A CASE CONTROL STUDY OF MECHANICAL RESTRAINT USE, REHABILITATION THERAPIES AND STAFFING ADEQUACY AS RISK FACTORS FOR FALLS IN AN ELDERLY HOSPITALIZED POPULATION.
by Marian C. Arbesman
Published 1995 .
About the Book
Falls in the elderly have a variety of medical, psychological and health care sequelae. It is estimated that the economic cost for hip fractures alone in the United States is $7 billion per year. This dissertation is a case-control study of risk factors for falls in an elderly hospitalized population. It hypothesized that use of mechanical restraints, participation in a rehabilitation program and staffing adequacy increase falls in such a group.
Charts were reviewed of 250 patients, aged 60 to 85, who fell while on a nursing floor of a large, metropolitan hospital between March, 1993 and December, 1993. Two hundred-fifty controls were randomly selected from patients discharged between March and December, 1993. Controls were selected from those patients between the ages of 60 and 85 and were matched to the case on length of stay to the day of the fall.
Data on the cases and controls were analyzed descriptively, with a paired t-test, and with McNemar's chi-square test for matched pairs. In addition, a matched analysis using conditional logistic regression examined restraint use, participation in a rehabilitation program and ratio of provided to expected nursing personnel as exposure variables.
The results of the regression analysis indicated approximately twice the risk for falls for those individuals who had been placed in a mechanical restraint, but in some models this only approached statistical significance. There was no statistically significant difference for the participation in occupational therapy, physical therapy or cardiac rehabilitation or for staffing adequacy between cases and controls. These hypotheses were rejected after controlling for age, number of diagnoses, mobility status, arthritis, use of mobility aids, assistance with toileting, confused mental status, nonsteroidal anti inflammatory medication, and antihypertensive medication on the day prior to the fall day. In addition, need of mobility assistance, confused mental status, use of mobility aids, age, number of diagnoses, and taking psychotropic medication on the day prior to the fall day were independently predictive of risk for falls in this population, as were medical/functional severity and psychiatric illness, two summary factors developed through factor analysis.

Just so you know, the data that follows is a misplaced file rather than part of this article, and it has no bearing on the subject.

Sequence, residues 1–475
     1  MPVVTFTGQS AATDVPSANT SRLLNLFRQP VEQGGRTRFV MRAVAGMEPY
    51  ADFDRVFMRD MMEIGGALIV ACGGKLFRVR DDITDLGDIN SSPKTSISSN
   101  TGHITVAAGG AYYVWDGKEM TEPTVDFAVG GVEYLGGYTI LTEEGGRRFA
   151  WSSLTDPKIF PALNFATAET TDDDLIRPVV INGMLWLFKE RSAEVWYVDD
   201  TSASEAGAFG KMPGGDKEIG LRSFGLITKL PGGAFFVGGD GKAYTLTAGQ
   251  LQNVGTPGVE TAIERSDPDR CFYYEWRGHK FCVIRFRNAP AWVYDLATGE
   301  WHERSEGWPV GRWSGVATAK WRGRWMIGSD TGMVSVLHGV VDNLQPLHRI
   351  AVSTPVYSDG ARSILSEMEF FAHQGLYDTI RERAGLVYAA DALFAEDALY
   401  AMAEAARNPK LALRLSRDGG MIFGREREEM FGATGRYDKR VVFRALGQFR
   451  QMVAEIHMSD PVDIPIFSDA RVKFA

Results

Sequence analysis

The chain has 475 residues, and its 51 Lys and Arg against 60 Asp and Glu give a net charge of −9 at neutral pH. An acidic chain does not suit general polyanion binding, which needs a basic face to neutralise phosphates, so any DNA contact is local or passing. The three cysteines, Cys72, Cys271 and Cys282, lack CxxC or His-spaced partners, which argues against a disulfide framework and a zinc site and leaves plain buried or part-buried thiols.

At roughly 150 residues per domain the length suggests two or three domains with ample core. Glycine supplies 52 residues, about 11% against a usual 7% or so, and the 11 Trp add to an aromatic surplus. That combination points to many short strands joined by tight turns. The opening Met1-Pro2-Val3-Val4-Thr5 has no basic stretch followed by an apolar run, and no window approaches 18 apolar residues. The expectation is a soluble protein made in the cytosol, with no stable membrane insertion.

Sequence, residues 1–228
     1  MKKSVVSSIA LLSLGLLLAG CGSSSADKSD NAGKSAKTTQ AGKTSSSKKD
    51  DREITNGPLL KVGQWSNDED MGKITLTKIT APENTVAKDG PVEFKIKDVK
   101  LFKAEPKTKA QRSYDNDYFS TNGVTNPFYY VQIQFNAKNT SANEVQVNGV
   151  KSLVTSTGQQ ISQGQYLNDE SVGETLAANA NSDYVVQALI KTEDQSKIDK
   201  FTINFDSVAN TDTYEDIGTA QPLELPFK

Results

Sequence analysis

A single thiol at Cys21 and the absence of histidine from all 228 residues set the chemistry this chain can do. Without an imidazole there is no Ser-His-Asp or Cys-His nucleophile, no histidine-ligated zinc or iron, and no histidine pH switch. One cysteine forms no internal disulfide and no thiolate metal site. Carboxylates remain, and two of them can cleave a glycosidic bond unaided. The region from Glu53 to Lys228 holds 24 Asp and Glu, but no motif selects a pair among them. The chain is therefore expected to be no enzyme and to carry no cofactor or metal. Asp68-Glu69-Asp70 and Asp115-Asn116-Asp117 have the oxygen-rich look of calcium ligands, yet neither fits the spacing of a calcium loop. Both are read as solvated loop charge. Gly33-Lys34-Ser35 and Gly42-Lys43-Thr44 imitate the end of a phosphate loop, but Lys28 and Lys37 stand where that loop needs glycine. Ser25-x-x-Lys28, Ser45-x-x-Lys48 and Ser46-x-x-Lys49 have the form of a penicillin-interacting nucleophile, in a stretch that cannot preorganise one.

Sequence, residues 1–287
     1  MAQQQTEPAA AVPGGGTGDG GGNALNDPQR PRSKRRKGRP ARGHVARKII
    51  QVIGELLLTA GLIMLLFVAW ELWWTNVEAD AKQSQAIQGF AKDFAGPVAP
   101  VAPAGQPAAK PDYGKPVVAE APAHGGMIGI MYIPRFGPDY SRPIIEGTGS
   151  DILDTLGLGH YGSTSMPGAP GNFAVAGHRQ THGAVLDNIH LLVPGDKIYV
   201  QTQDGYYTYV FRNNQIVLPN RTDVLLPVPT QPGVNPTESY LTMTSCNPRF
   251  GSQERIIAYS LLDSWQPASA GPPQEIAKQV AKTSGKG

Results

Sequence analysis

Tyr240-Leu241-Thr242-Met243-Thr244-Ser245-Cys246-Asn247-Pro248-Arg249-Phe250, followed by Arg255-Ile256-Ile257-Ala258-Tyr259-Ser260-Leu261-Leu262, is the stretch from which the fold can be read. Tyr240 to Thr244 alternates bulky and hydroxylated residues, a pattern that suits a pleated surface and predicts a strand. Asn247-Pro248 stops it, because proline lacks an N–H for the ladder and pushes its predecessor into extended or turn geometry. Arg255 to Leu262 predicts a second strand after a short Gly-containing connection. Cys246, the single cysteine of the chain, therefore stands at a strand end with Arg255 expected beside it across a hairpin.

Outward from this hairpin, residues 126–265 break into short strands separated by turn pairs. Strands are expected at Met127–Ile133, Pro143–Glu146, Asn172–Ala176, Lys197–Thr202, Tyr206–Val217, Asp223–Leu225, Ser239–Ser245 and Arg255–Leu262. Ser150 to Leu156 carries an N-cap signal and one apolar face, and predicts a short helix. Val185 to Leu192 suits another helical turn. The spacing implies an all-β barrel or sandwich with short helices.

Source: Dissertation Abstracts International, Volume: 56-07, Section: B, page: 3712.
Thesis (PH.D.)--STATE UNIVERSITY OF NEW YORK AT BUFFALO, 1995.
School code: 0656.
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